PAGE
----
The importance of quitting in context of the COVID-19 pandemic has never been greater.
Discuss your successes and failures in triggering effective smoking cessation with your colleagues this month.
Activities to consider
- The theme for World No Tobacco Day on 31 May 2021 is ‘Commit to Quit’. The importance of quitting in context of the COVID-19 pandemic has never been greater.
- See the World Health Organisation’s website for this year’s theme, including an invitation for real quitters to share their journey by video.
- Ask people about their smoking and if they know about the ‘Smoking causes sticky blood' campaign.
- Share the three simple and evidence-based steps as recommended for health professionals by Quit Victoria.
- Discuss your successes and failures in triggering effective smoking cessation with your colleagues.
- Do the Quitline 30 minute education module for health professionals.
- Time for a smoke? One cigarette reduces your life by 11 minutes. Read this article and share the messages.
- Take a look at this website - Which twin is the smoker?
Using digital health to monitor podiatric pain progression
Dr Andrea Coda discusses the intersection between digital health and pain management.
Have you considered becoming a mentor or supervisor?
Are you interested in stepping up and supervising students after the next pandemic? Dr Ryan Causby offers the following advice.
After a long time between drinks I’m pleased to report that Footscape’s monthly working bees have started up once more!
Why do I share this, since our location is only relevant to a handful of readers? To show all podiatrists, no matter where you are based, just what action can take place to support a charitable cause. If you would like to explore setting up a similar centre in your location, please do get in touch.
What we have done
Our Committee has worked hard to establish a COVID-safe setup at our Podiatry Material Aid Centre in Melbourne. This allows our amazing volunteers to return and prepare footwear, socks and foot care kits for distribution to disadvantaged persons encountering foot health problems. If you are local to us and interested in attending a working bee please contact the Footscape team.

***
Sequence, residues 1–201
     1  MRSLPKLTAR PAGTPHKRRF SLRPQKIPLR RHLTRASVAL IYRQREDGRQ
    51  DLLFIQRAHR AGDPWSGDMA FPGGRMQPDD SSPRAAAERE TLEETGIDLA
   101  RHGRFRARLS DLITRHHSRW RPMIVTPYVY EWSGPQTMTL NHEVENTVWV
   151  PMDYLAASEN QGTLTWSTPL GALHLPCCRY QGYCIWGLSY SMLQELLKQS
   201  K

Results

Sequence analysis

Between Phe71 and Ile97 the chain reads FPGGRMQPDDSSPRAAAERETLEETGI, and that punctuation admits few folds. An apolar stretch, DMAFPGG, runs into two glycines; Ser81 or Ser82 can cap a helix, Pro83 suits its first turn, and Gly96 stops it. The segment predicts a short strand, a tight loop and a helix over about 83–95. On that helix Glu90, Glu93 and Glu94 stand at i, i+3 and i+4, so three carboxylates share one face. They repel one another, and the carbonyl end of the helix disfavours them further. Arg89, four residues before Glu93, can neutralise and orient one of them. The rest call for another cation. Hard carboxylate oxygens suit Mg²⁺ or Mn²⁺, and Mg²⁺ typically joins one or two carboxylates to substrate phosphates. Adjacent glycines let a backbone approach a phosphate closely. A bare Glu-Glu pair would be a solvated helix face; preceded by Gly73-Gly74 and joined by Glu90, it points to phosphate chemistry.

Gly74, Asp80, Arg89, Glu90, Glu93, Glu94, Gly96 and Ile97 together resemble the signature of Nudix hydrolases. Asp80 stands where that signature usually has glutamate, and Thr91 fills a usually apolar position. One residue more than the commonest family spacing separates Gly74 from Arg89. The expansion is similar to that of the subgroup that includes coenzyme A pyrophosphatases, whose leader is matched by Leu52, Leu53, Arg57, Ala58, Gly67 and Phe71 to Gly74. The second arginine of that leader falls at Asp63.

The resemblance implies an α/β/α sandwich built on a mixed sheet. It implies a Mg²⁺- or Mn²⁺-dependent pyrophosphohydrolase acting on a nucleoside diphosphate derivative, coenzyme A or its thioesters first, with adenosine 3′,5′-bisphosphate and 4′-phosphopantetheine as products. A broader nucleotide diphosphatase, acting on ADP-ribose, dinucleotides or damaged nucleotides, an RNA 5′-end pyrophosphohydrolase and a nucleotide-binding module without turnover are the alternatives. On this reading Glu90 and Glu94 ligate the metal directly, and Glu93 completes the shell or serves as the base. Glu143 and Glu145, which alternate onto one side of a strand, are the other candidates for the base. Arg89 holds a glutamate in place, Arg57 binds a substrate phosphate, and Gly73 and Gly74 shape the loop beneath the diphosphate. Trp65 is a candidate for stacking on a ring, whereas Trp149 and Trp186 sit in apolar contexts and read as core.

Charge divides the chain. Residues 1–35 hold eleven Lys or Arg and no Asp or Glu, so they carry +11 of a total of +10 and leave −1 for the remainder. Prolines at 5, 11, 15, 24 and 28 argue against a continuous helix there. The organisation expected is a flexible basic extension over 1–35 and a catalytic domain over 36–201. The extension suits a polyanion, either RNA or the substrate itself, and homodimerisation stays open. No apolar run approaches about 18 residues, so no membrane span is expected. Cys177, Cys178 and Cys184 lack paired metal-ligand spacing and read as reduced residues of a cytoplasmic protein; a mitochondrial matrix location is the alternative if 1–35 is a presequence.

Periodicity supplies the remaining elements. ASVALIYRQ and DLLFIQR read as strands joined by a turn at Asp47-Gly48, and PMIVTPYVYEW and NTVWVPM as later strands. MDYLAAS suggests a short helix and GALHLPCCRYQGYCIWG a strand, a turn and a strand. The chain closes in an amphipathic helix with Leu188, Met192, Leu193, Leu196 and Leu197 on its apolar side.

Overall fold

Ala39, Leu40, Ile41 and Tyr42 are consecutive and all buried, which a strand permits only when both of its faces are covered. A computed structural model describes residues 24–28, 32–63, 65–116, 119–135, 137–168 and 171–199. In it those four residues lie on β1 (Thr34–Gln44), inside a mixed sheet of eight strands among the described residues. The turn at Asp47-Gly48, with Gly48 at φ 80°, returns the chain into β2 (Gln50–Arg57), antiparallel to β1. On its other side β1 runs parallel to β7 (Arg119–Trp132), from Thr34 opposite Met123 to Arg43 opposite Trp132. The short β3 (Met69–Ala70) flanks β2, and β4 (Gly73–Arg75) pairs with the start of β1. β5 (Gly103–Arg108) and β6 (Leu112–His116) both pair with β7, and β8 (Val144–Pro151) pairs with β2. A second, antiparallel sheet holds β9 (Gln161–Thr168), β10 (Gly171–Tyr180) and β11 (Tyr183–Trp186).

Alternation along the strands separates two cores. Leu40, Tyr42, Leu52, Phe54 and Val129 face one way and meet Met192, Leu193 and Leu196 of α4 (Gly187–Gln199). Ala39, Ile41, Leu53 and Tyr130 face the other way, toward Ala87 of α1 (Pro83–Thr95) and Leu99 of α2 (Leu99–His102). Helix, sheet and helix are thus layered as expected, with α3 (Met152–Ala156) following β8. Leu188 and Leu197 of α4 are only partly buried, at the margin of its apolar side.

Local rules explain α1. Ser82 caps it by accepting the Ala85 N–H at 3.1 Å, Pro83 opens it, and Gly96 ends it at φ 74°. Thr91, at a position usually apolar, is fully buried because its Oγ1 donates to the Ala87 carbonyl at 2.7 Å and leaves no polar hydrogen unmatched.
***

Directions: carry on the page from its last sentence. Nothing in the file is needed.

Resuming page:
Podiatrists and other enthusiastic members of the community are welcome to get onboard and assist. Working bees will be ongoing and take place on the first Saturday of each month from 10am to 1pm.
It is understood that the Footscape Podiatry Material Aid Centre is the largest of its kind in Australia. In doing so, the Centre has helped facilitate over 37,000 pairs of footwear/socks and 1,000 foot care kits at over 50 affiliate organisations to help identified people experiencing homelessness, asylum seekers, financially disadvantaged children, Aboriginal and Torres Strait Islanders and victims of domestic violence.
Footscape aims to distribute a further 10,000 material aid items over the next twelve months through current and prospective affiliate organisations across Australia.
What you can do
Podiatrists working with disadvantaged communities in the far corners of the country are strongly encouraged to reach out to Footscape and benefit from prompt access to material aid items to help their clients. The Cohealth Podiatry Department has been one beneficiary of this material aid.
Podiatrist Rebecca Mannix highlights the value of Footscape contributions to their service:
“People that are homeless use their feet as their primary mode of transport – to get food, attend appointments, for exercise to reduce stress or even to keep warm when it’s cold. It’s not uncommon for clients to report walking 10 to 15 km every day, which can put stress on their bodies, especially if carrying all of their possessions. Often our clients report their shoes getting stolen when they are asleep, so many wear their shoes all night, which can lead to bacterial infections – particularly if feet are wet. Footscape’s generous provision of high-quality second-hand shoes has greatly improved our ability to support these clients as they work to achieve their goals. “
“For many clients this reduces their pain levels greatly and they are able to get back into walking. Others join our football team (Cohealth Kangaroos) and use the runners for training – improving their health, self-esteem, building healthy friendships and learning skills such as anger management and working as a team.”
“Without Footscape this would be impossible, and we are extremely grateful, as are our clients.”
Footscape is assembling foot care kits to help disadvantaged persons access necessary resources, prioritise their foot health and promote daily self-care practices.